Monday, August 17, 2009

Carnegie's Legacy

After Andrew Carnegie funded his first United States library in Braddock, he went on to fund 1,689 other libraries across the nation. While he may have favored the Pittsburgh region, Carnegie's generosity covered the globe from here to Fiji.

In addition to 19 libraries, Carnegie also built spectacular museums in Pittsburgh. However, he did not invest the money to sustain these great cultural institutions forever. He wanted the city to fund their day-to-day responsibilities. Today, RAD (that pesky extra 1% sales tax in Allegheny County) funds 70% of Carnegie library operations. The rest is funded by state and federal government alongside generous modern-day donors.

Maybe Carnegie's greatest legacy to Pittsburgh is not the buildings he left behind, but the responsibility to continue paying for those buildings and maintaining them. There are few Natural History museums, library systems, or arts institutions that can rival ours. In spite of population loss and economic downturn, our citizens have continued to pay for these places through sales tax and donations. None of us would dare let Mr Carnegie down.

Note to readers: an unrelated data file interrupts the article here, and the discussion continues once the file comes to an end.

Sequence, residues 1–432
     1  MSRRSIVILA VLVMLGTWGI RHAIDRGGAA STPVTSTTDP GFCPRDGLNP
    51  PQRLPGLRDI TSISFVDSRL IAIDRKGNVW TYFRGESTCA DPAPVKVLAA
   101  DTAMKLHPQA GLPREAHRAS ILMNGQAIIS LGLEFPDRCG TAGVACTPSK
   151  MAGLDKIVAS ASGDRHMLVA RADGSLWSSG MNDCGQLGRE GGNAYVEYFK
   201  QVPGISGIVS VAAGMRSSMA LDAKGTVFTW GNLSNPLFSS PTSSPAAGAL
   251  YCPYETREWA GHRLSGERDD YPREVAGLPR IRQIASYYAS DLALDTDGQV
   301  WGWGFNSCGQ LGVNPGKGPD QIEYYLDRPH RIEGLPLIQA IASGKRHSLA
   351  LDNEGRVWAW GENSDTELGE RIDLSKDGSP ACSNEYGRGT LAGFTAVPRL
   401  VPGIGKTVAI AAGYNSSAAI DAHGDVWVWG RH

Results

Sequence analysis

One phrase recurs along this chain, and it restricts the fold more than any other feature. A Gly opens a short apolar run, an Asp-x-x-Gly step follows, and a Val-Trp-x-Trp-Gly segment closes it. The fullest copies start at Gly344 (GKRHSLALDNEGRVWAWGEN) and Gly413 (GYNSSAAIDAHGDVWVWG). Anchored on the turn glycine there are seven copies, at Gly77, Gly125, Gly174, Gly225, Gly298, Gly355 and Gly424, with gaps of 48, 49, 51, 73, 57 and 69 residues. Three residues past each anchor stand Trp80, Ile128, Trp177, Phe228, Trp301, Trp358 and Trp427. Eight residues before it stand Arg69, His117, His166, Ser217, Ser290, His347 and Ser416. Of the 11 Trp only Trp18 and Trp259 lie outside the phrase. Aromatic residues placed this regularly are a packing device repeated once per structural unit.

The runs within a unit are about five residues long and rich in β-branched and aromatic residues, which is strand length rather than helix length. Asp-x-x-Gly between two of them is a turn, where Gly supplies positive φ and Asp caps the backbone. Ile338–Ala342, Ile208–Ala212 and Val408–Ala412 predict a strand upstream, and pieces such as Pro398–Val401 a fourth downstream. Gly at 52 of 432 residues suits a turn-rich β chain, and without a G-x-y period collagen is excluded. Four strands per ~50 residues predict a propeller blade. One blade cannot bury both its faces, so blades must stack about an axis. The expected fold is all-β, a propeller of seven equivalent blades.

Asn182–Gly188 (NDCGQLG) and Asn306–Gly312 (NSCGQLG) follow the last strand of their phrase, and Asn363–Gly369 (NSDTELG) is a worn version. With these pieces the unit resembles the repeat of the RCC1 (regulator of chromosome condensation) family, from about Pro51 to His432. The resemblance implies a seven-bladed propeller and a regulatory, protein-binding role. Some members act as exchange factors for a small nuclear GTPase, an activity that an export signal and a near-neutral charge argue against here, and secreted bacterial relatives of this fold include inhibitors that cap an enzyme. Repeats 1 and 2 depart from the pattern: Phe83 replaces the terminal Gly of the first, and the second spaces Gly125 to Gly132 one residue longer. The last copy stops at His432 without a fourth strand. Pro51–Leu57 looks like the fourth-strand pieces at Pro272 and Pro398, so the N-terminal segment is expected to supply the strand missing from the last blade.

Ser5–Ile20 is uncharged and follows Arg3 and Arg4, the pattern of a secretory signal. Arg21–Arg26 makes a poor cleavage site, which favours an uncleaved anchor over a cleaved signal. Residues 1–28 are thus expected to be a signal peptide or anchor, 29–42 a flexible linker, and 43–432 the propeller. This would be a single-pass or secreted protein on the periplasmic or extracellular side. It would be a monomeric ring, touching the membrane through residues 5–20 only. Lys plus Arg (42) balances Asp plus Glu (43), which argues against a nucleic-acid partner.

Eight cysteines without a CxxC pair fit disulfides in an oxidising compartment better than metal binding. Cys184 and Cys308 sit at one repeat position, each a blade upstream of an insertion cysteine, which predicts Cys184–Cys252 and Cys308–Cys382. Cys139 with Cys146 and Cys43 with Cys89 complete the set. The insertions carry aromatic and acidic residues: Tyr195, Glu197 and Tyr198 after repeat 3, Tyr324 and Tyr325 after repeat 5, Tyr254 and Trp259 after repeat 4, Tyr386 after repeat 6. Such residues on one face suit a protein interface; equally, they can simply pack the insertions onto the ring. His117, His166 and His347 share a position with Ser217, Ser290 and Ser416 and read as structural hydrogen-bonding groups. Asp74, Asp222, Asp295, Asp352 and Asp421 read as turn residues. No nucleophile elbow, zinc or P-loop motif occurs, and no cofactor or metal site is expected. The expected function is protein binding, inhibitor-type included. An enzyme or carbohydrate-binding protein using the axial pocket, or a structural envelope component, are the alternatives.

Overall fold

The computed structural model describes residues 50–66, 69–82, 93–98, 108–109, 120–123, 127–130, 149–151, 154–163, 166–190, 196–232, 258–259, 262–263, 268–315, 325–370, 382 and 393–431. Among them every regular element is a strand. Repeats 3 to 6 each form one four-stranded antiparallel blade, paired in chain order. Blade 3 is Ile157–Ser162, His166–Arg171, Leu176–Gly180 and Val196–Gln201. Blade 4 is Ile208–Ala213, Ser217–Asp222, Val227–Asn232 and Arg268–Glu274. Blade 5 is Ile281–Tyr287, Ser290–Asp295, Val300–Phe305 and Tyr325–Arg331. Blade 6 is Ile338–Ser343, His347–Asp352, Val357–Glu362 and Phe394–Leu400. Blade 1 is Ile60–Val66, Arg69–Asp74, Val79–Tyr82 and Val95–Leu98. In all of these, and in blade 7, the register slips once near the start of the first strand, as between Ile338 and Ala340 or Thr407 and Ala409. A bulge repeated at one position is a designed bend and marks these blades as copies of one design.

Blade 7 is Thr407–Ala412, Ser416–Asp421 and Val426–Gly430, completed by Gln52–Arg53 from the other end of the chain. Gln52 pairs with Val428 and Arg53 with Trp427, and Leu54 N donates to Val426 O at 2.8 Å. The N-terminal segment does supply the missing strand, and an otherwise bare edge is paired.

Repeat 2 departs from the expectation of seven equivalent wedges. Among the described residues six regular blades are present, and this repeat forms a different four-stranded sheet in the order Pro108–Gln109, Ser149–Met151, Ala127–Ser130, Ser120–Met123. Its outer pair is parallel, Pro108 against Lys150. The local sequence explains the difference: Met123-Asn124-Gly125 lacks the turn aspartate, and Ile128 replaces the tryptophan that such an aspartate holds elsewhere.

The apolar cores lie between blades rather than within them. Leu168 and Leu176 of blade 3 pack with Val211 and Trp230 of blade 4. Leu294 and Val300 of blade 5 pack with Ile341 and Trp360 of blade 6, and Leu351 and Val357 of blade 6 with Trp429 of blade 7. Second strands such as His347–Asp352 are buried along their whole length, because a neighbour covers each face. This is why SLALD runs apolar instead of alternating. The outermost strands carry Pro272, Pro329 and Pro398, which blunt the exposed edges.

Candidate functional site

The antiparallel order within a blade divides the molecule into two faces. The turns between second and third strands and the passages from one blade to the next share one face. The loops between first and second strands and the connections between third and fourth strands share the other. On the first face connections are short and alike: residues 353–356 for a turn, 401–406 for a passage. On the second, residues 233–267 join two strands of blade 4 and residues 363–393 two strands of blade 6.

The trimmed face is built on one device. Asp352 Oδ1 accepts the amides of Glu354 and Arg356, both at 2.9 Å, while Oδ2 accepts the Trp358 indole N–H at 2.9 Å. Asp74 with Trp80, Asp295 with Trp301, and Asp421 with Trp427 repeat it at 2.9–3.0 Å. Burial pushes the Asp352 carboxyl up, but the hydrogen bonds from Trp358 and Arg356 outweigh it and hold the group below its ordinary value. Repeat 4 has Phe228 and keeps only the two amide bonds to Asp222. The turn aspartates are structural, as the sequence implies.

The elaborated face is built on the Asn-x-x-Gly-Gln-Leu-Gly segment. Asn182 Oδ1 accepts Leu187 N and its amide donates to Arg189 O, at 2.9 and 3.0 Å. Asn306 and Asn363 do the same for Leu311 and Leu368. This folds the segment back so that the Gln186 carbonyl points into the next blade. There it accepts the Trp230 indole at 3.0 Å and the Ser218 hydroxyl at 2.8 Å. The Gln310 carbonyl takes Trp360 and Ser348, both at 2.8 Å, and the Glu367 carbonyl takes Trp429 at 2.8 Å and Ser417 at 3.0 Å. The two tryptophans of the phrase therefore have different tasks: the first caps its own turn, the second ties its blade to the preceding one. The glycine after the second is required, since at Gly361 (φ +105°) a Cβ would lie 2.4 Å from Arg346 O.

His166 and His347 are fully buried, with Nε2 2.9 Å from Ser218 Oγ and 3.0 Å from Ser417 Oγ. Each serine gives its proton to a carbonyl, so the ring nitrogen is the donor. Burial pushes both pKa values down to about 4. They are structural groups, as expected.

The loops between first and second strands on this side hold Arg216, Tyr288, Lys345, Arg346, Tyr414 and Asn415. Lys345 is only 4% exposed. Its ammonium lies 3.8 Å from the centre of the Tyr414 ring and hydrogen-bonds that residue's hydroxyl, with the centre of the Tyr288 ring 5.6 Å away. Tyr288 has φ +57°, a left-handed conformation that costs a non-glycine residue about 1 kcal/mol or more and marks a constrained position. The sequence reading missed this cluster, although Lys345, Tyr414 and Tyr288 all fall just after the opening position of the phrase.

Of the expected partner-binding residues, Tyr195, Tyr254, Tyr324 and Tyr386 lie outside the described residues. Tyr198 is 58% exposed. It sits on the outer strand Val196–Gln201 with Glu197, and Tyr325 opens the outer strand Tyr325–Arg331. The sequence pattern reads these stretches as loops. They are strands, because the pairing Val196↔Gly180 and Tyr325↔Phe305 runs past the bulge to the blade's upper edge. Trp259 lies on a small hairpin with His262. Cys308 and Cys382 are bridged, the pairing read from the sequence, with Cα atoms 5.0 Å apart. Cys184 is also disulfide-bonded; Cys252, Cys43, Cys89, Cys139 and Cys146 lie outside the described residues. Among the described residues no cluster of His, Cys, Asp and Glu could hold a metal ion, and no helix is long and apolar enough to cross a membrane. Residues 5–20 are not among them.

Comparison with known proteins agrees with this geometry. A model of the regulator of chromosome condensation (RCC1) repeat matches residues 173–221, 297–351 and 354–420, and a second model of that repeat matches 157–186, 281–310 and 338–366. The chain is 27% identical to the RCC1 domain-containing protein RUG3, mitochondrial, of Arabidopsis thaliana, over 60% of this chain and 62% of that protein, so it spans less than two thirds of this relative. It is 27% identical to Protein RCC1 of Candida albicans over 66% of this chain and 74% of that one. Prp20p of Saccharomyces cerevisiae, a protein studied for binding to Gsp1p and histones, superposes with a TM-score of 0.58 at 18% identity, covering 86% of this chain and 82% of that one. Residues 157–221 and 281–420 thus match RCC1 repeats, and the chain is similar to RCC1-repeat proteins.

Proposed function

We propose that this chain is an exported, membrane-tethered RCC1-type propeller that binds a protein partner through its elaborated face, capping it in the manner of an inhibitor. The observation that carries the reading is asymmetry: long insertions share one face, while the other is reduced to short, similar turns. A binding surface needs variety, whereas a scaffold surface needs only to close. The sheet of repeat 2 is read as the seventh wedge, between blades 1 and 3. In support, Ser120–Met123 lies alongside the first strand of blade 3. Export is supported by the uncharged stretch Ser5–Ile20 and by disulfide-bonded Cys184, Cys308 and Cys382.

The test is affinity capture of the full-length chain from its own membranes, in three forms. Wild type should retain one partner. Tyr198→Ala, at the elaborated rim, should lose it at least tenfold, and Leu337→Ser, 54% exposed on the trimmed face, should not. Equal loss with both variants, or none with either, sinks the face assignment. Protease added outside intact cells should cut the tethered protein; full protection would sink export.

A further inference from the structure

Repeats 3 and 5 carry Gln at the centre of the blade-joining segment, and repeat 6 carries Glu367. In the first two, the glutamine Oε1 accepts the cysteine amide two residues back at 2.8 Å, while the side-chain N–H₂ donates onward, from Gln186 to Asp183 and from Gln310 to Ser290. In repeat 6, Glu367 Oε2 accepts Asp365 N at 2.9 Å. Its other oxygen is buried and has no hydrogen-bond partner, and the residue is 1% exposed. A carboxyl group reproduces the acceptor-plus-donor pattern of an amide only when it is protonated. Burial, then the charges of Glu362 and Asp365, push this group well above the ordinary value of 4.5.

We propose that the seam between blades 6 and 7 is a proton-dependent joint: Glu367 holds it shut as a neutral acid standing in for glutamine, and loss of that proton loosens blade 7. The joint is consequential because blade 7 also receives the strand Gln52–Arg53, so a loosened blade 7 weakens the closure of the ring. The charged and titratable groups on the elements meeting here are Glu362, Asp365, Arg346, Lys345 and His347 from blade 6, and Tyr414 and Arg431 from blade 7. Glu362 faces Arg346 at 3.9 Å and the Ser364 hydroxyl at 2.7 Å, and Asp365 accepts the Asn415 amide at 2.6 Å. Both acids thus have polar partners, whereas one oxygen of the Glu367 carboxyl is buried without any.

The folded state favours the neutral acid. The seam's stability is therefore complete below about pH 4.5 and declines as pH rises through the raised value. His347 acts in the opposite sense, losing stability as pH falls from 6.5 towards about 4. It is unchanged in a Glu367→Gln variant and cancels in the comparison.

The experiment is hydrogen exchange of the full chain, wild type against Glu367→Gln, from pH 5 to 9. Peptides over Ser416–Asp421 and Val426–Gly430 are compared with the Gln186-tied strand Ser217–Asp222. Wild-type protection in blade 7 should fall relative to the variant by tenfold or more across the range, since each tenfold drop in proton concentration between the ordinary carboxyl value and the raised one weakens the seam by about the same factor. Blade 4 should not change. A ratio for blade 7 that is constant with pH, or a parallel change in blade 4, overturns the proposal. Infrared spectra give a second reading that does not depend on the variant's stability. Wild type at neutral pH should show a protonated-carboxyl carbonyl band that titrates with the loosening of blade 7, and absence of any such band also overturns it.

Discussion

Once again, the Carnegie libraries are facing financial issues. Do they close libraries, cancel or limit services, or find new ways of making money? Time will tell, but I'm pretty sure our community will manage to step up and lend a hand to those who depend on the library:
Carnegie Library of Pittsburgh will inspire in the citizens of our region respect and responsibility for life-long learning, citizenship, and civic participation.
Let's all do our part to help them follow through on their vision.

Yesterday, on a blazingly hot day in Pittsburgh, I visited the air-conditioned Carnegie Museum of Art. I ooh-ed and aah-ed at the artwork of Van Gogh, Teenie Harris, and Kara Walker. Thanks to Carnegie for starting this vision and thanks to Pittsburgh for continuing to follow through.

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